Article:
The full report can be read online here.

New Survey Compares Results of Surgery with Pelvic Exercise

22.09.2013 | Posted in: Incontinence, News | Author: Colin

A new Dutch survey suggests that surgery might be a better option than pelvic muscle strengthening for stress incontinence. The comparison is thought to be the first to directly compare the two alternative therapies.

The Dutch researchers discovered that nearly 91% of the women who had surgery (midurethral-sling) reported an improvement which was significantly higher than the 64% who used pelvic floor exercises.

“The prevalence of stress urinary incontinence — leakage on physical exercise, laughing, coughing — is high, and the impact on daily life can be substantial,” said study lead author Dr. Julien Labrie, a gynecology resident at the University Medical Center Utrecht, in the Netherlands.

A summary of the report can be read in the Sept 19th issue of The New England Journal of Medicine.

NEW! TENA Shampoo & Shower added to Allanda Skincare range

12.09.2013 | Posted in: Incontinence, News, Skincare, Tena | Author: Colin

Following customer request we’ve added TENA Shampoo & Shower to our skincare range. TENA Shampoo & Shower is a 2-in-1 product for hair and body cleansing that combines a mild shower gel with a gentle conditioning shampoo for delicate skin and hair care specially designed around the needs of those with a continence condition. It gently cleanses the hair as well as the whole body, leaving a pleasant fragrance. TENA Shampoo & Shower can be used every day as it’s gentle formula is ideal for sensitive skin and for frequent cleansing and it comes in a handy 500ml pump dispenser bottle. To use simply apply to wet hair and body, rub gently and rinse off with water.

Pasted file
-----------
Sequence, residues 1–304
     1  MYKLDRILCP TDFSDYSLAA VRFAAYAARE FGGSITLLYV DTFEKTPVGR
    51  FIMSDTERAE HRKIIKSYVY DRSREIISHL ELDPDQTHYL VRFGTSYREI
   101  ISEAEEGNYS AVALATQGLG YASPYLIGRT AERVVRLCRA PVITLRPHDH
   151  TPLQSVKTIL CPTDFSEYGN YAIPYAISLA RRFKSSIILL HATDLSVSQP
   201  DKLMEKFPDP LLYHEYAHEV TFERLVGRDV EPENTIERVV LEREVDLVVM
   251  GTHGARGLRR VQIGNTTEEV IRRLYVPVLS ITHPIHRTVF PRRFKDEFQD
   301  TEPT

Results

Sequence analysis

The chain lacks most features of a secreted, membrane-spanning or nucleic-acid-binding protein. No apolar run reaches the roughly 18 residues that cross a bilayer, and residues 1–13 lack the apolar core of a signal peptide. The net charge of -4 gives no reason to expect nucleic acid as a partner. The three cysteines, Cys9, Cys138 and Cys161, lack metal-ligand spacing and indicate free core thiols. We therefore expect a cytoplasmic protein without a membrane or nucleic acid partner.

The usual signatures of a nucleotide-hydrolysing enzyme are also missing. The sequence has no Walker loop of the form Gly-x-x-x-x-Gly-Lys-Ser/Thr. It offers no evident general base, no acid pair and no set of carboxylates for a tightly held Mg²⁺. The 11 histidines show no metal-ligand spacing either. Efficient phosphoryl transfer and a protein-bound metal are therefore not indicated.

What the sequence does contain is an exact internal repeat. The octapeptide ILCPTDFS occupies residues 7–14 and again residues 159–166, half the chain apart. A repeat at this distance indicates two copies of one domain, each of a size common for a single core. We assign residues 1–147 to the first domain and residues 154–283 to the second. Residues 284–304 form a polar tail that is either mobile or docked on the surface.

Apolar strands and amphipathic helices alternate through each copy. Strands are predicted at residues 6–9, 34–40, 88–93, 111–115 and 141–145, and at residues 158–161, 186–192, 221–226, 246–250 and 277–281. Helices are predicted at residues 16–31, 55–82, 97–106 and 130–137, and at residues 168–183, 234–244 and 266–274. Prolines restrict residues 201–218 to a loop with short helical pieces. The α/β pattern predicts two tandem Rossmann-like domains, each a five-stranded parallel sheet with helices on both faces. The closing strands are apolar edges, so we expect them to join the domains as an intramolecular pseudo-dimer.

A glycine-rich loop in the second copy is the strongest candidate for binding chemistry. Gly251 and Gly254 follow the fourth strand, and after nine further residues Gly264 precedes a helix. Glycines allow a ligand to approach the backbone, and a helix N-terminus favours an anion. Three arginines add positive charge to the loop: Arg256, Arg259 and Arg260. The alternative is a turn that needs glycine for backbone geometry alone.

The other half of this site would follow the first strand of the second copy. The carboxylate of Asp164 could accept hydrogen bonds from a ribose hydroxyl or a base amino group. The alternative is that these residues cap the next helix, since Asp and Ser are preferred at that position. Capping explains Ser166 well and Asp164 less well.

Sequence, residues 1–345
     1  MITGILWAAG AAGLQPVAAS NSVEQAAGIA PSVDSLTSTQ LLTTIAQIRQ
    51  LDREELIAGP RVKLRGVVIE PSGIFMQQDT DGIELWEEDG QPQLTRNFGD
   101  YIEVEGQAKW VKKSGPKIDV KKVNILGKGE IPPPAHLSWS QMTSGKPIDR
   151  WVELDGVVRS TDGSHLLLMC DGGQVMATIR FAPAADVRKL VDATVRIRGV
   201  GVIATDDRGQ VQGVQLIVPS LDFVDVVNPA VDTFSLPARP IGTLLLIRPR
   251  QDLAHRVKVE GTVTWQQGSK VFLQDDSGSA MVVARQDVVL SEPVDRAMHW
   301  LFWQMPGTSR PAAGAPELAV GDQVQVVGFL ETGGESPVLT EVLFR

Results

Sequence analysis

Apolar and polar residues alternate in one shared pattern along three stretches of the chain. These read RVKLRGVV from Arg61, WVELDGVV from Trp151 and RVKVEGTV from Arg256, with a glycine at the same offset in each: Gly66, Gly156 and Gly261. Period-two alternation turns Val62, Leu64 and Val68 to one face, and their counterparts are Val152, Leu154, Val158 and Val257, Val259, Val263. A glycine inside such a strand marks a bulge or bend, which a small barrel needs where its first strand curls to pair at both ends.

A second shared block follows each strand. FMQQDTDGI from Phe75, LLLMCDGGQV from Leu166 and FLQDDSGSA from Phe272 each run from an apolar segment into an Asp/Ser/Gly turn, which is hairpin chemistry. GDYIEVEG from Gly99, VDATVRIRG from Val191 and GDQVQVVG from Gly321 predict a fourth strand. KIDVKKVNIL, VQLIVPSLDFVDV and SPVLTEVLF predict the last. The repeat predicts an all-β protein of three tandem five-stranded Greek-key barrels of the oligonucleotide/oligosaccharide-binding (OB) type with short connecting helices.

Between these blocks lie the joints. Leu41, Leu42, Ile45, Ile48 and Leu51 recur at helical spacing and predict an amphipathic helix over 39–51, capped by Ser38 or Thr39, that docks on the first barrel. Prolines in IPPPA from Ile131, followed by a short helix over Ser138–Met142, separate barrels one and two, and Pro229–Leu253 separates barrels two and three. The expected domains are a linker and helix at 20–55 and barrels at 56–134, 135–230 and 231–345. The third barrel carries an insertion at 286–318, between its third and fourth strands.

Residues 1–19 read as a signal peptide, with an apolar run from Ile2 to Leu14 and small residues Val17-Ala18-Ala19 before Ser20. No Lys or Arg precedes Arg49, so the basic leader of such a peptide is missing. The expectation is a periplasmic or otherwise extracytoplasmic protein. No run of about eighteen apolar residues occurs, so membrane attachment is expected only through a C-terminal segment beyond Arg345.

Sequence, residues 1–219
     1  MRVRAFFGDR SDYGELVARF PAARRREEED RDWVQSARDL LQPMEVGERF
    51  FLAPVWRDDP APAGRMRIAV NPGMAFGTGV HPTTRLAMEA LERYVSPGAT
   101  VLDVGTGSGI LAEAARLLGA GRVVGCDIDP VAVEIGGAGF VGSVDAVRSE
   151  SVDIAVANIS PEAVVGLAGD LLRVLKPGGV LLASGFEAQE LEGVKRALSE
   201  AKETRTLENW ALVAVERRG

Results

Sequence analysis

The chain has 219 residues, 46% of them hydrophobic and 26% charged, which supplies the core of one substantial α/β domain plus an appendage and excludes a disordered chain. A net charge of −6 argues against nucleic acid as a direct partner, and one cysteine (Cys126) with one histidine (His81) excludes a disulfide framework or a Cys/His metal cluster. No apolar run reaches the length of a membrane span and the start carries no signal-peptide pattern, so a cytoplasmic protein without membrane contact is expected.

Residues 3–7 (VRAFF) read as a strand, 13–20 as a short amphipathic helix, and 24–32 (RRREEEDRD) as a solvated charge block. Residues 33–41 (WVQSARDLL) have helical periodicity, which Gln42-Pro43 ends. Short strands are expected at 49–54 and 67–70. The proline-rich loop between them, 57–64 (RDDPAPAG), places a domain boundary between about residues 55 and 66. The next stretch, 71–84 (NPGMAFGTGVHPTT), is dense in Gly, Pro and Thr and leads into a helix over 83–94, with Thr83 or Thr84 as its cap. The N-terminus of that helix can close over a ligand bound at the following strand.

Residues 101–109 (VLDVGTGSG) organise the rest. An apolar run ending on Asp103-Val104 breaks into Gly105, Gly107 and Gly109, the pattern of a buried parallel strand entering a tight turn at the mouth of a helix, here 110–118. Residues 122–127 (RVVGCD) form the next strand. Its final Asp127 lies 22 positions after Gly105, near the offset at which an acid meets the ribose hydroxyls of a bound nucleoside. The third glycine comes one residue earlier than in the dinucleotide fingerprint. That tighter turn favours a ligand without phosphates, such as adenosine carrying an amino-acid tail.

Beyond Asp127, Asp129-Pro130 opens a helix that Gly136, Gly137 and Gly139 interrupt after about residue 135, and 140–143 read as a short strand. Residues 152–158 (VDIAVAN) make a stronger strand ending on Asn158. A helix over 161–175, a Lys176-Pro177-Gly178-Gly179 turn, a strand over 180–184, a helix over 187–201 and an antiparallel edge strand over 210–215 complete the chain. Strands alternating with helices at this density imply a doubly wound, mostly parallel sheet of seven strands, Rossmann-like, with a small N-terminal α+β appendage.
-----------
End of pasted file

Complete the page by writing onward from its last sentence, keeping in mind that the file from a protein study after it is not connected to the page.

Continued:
The full TENA Skincare range is Wash Cream 500ml, Wash Cream 1000ml, Wash Mousse, Wet Wipes, Soft Wipes, Wash Glove, Cellduk Wipes and Shampoo & Shower.

TENA Pants Discreet CASE SAVERS now available

09.09.2013 | Posted in: Incontinence, Incontinence Pants, News, Tena | Author: Colin

Continuing our campaign to offer great value to our customers we’ve now added TENA Pants Discreet Medium CASE SAVERS and TENA Pants Large CASE SAVERS to our range. These offer up to 11% saving over buying single packs of TENA Pants Discreet Medium or Large.

New Study shows the high impact of dementia on Incontinence.

04.09.2013 | Posted in: Alzheimer's, Dementia, Incontinence, News | Author: Colin

A new study proves the expected link between dementia and incontinence but more importantly shows that patients with dementia are three times more likely to be diagnosed with urinary incontinence, and four times more likely to be diagnosed with faecal incontinence. The new study in PLOS Medicine by Robert Grant (Kingston University and St. George’s, University of London) and colleagues compared those without a diagnosis of dementia to those patients diagnosed with the condition. Also, patients with dementia and incontinence were more likely to receive incontinence medication than those without dementia, the authors stated.

The full article from PLOS Medicine can be read here